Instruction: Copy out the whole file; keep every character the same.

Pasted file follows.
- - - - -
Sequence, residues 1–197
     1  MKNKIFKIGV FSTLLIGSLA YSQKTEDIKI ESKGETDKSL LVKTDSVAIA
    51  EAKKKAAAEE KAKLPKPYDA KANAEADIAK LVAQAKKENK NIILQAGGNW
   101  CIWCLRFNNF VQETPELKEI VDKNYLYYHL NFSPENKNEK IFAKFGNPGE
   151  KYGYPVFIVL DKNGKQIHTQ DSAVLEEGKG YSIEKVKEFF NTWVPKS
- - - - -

Sequence, residues 1–197
     1  MKNKIFKIGV FSTLLIGSLA YSQKTEDIKI ESKGETDKSL LVKTDSVAIA
    51  EAKKKAAAEE KAKLPKPYDA KANAEADIAK LVAQAKKENK NIILQAGGNW
   101  CIWCLRFNNF VQETPELKEI VDKNYLYYHL NFSPENKNEK IFAKFGNPGE
   151  KYGYPVFIVL DKNGKQIHTQ DSAVLEEGKG YSIEKVKEFF NTWVPKS